Color Out Of Space

I’ve mentioned elsewhere on this site about the difficulty hollywood has had in trying to visualise the unearthly works of Howard Phillips Lovecraft (H.P. to his friends if the grumpy git had been more forthcoming), whose indescribable horrors and unpronoucable eldritch gods have remained only hinted at by movies in general and whose boundless imagination was only matched by his highly questionable political views.
Stepping forward out of the unearthly mist comes Richard Stanley, a South African director, who dresses like a cowboy alchemist and who hasn’t made a full length feature in over 20 years; but who speciality in trippy, hallucinogenic genre work (Hardware, Dust Devil) makes him born to this kind of project. Coming back to filmmaking after a self imposed exile after the excruciating experience of being dumped from the disastrous 1996 production of The Island Of Dr. Moreau, Stanley has decided to tackle some of the author’s more “out there” themes with Colour Out Of Space, a deeply hallucinatory, utterly gonzo, wedge of sci-fi cosmic horror – but he isn’t attempting it alone…
He’s brought Nic Cage with him…

Close your eyes and picture the average American family and chances are you’ve pictured the Gardeners: patriarch Nathan is a struggling alpaca farmer, matriarch Theresa is struggling to keep her business together despite a mastectomy and shitty wifi, daughter Lavinia is a practicing wicca, son Benny likes to get stoned with the local hermit and youngest Jack just likes to sit and stare…
Ok, so they’re not exactly the fucking Waltons, but this eccentric unit start to get a whole lot stranger with the arrival of a meteorite that plunges into their back yard and emits a colour the likes of which the family have ever seen (actually a deep shade of pink). Eventually the essence of this example of otherworldly flotsam and jettson starts to affect first the wildlife and fauna around the impact site and then the very DNA of the hapless Gardeners themselves as time and reality seem to bend around them hinting at a horrible, psychedelic fate.FB_IMG_1582746578786
From the same studio as the equally kaleidoscopic, rage-Cager, Mandy, Colour Out Of Space seems to be yet another sign that Nicolas Cage has finally found the perfect output for his particular kind of full-on, scenery chewing performance and anyone desperate for more examples of the actor spectacularly losing his shit will be extraordinarily well served here.
Much like Mandy, the movie actually rises to meet his character’s mania instead of being overwhelmed by it, churning out retina singeing images as Cage’s mild mannered wannabe farmer loses his mind.
Switching to a completely different accent when blowing his mental stack (his disapproving father’s), some might consider his performance too overwhelming to be taken seriously (he farms alpacas for fuck’s sake!) but Stanley is smart enough to lean in the rich vein of ludicrous that pulses in virtually every scene to counter and even enhance the vast amounts of crazy, mining suprising, frequent laughs out of the genuinely chilling body horror.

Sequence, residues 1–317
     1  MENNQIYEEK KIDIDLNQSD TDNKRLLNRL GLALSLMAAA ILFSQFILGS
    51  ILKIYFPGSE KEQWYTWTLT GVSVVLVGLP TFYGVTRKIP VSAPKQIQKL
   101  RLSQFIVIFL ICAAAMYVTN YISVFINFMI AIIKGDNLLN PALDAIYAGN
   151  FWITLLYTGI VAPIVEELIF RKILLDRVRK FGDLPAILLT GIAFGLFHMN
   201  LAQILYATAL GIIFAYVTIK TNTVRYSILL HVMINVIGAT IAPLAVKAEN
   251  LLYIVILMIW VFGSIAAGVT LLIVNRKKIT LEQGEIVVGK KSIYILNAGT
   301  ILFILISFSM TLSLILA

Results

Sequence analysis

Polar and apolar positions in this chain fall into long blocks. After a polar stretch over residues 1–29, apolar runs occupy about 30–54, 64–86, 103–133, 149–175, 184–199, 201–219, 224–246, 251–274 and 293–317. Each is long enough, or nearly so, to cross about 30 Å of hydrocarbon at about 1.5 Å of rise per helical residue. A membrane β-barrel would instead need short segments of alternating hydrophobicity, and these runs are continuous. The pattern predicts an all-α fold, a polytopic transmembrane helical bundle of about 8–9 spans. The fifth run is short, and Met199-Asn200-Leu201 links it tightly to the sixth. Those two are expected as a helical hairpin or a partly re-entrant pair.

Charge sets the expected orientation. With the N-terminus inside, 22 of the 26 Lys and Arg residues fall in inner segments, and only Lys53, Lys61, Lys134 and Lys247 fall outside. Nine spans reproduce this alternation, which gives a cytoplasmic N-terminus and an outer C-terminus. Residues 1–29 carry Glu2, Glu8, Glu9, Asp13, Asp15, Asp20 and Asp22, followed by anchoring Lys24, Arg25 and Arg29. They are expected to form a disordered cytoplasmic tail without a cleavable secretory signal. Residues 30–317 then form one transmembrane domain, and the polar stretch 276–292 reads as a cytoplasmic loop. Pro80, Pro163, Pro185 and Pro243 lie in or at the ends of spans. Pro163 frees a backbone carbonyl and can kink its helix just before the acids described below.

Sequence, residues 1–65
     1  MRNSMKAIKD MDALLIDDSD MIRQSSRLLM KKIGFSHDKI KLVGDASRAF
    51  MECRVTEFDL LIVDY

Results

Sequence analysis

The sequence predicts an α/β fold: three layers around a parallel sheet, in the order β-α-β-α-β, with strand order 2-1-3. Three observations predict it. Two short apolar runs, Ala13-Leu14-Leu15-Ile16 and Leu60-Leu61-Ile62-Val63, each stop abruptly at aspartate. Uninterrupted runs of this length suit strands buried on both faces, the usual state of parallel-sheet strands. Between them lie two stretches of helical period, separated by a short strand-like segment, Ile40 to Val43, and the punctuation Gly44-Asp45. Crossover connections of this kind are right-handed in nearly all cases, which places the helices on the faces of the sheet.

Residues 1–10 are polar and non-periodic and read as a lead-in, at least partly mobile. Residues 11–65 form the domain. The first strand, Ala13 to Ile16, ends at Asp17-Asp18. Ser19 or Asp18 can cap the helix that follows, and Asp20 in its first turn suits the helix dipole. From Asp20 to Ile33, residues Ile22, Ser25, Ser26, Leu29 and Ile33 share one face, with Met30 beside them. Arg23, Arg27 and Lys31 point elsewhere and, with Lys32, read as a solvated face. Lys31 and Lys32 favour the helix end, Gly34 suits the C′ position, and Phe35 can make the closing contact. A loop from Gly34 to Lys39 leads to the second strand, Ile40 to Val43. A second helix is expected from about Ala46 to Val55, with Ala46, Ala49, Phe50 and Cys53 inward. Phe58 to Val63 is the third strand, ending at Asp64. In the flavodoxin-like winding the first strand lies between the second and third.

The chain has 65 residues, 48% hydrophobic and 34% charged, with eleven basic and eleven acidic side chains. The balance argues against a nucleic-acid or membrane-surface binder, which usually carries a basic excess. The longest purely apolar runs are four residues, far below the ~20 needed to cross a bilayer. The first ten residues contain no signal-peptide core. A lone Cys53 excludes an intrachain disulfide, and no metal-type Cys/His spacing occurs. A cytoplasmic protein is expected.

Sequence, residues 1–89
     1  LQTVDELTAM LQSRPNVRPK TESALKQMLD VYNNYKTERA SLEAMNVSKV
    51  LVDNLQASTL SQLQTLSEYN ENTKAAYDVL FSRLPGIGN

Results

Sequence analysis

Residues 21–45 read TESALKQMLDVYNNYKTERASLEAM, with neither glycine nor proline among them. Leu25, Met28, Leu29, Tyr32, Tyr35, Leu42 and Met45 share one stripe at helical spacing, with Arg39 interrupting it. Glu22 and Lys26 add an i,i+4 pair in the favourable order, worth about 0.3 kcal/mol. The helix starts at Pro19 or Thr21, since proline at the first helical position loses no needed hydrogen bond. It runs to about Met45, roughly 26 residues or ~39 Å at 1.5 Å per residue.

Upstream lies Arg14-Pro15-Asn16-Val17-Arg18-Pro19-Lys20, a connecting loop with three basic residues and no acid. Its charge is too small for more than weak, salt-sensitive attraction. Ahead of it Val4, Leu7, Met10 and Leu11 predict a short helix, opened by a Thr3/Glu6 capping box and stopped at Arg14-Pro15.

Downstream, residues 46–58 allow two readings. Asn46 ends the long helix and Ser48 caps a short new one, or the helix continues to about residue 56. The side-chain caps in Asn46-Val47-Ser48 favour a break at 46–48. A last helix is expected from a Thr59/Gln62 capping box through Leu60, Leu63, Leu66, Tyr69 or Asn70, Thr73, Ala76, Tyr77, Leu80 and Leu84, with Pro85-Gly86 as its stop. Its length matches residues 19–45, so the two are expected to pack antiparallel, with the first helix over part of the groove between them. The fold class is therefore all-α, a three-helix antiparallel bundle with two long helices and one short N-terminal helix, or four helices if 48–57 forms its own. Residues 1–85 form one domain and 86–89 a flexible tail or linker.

The rest of the cast perform admirably in the face of such delirious “fucked up-ness” with Joely Richardson looking worryingly brittle as the recuperating mother and Madeline Arthur impresses as a daughter repressed by her well meaning family who uses her witchcraft as a sense of identity. And how can you not love a movie that casts Cheech And Chong’s Tommy Chong as drugged out old dude living in a shack in the woods?
But all this is just cherry on the cake because I’m here for the body horror – a horror trope I personally have been obsessed with ever since I first saw The Thing as an impressionable child – and it certainly doesn’t disappoint with a particular malformed creature (I won’t divulge which) crawling into you psyche like a tick – and wait until you see what the Colour does to the alpacas!
Not technically the first time someone’s taken a crack at this story (the story was filmed as The Curse in the 80’s and Alex Garland’s Annihilation certainly bears more than a passing resemblance) it’s by far the closest to the author’s work which also contains an absolute ton of easter eggs to the sizable lore Lovecraft is famous for (the shade of the Colour itself is reminiscent of the bright pink used in From Beyond).
So will this adaptation stoke up a thirst for more Lovecraft? Stanley himself is hoping to next adapt The Dunwich Horror, a tale at least as twice as mouthwateringly batshit as Colour, and creatures reminiscent of the author’s gargantuan Deep Ones have already shown up in the final act of last month’s Underwater, not to mention the 80’s throwback apocalypse of 2018’s The Void – so maybe?

Obviously, some might not know WHAT to make of this movie and will disregard Colour as a great big mess but for those open to the experience you get the overdue return of a visionary, you get a clutch of gooey monsters AND you get an unfettered full strength Cage performance all in one sitting for a cinematic bad trip that well worth the journey.
Colour me happy.


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